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Maintaining continuity: Keeping air/moisture barriers continuous at movement conditions

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All images courtesy Sto Corp.

by John Chamberlin
At this point, most design/construction professionals have a pretty good understanding of the need for well-designed air and moisture control layers in wall assemblies. Water-resistive barriers (WRBs) have been in use for decades; in more recent years, a number of new systems have popped up that combine these products with an air barrier function, effectively creating ‘air and moisture barriers’ as the gold standard, if not the new norm.

Aside from simply keeping liquid water on the exterior of the building where it belongs, air and moisture barriers help reduce unwanted air movement through a building, which, in turn, lowers unnecessary energy consumption, helps prevent mold and mildew growth on the interior, stops pollutants such as radon gas and allergens from entering the building, and improves indoor occupant comfort by reducing drafts and external noise. Since air movement is also the primary source of condensation and moisture damage inside the wall cavity, an air and moisture barrier system also helps reduce structural degradation by keeping out water in both liquid and vapor forms.

If these benefits are not enough motivation in their own right, most states have adopted requirements for continuous air and moisture barriers either in their commercial, residential, or energy conservation codes (or a combination thereof). Understanding the benefits and the requirements are the first steps toward ensuring all buildings constructed include these critical systems in their design.

The proof of concept already exists as continuous air and moisture barriers systems have been in place long enough one can now see the positive long-term effects they have on buildings and their occupants, and a number of studies have been done to support this.1 However, as with so many things, reality may be more complicated than theory. The most important criteria for air and moisture barriers systems is for them to be continuous around the entire building. This continuity is where special attention and consideration needs to be given.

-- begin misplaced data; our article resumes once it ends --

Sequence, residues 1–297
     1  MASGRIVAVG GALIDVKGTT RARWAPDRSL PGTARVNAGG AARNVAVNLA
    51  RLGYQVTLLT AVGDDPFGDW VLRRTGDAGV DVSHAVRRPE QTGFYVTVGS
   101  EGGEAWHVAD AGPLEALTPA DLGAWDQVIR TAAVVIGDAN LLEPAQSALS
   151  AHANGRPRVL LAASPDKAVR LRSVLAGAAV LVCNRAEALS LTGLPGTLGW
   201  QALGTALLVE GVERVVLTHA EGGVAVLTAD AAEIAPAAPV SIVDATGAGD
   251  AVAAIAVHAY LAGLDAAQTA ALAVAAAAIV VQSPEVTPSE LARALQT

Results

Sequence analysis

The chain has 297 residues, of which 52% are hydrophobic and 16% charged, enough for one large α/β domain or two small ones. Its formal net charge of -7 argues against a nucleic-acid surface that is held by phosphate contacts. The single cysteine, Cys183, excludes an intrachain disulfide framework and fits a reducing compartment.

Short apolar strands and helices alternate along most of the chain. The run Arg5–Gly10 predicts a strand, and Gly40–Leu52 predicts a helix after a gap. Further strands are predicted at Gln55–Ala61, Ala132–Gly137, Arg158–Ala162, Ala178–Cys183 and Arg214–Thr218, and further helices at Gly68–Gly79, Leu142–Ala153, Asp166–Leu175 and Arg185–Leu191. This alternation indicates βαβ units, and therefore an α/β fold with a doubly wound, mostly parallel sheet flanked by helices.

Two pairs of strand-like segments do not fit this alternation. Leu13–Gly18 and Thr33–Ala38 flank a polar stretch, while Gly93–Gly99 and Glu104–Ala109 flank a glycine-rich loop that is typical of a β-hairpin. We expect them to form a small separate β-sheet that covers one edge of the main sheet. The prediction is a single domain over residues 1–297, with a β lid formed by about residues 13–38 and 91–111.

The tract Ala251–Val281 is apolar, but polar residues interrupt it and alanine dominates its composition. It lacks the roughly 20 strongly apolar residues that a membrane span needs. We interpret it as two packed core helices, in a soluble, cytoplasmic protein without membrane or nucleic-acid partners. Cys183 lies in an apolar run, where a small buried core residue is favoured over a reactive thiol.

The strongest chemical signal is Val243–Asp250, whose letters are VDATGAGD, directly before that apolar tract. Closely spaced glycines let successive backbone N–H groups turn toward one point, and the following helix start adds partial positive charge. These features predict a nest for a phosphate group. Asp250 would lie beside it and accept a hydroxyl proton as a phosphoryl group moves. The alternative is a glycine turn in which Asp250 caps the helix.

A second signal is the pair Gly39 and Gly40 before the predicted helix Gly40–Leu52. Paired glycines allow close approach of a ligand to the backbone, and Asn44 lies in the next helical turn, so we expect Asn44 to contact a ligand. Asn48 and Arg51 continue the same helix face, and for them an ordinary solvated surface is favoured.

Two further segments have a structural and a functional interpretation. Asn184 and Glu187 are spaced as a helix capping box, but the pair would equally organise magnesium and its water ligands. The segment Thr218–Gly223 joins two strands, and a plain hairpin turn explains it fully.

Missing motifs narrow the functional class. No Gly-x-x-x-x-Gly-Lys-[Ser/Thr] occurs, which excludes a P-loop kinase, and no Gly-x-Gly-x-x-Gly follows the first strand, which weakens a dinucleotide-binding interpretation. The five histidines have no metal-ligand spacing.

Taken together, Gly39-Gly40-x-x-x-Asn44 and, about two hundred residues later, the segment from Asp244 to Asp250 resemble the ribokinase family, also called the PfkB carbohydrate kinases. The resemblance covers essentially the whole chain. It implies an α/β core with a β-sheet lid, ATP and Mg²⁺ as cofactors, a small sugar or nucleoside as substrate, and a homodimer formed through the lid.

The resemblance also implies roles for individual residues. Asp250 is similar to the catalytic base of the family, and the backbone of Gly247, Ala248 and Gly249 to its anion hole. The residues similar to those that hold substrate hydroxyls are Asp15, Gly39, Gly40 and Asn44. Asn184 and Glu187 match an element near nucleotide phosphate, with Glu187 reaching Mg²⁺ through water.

Buildings move
That buildings experience a degree of movement is something that must be taken into account and designed around, depending on the project’s climate zone and the materials comprising it. While this is not new information, it is still important to be aware that for a variety of different reasons, buildings (or their components) will continue to move as long as the structure is standing.

In looking at the causes for building movement, certain recurring themes emerge. Moisture is a major cause for building movement as it causes materials to degrade more quickly. Further, building components made from wood, stone, concrete, and brick expand and contract depending on their moisture content and temperature variations.

The ground on which buildings stand may also be prone to shifting or settling. Subsoil movement may be a result of expansion and contraction of the soil due to changes in moisture content. Some soils may experience shear or loadbearing failures, or any number of other external factors may cause the ground to move resulting in the slight shifting of buildings.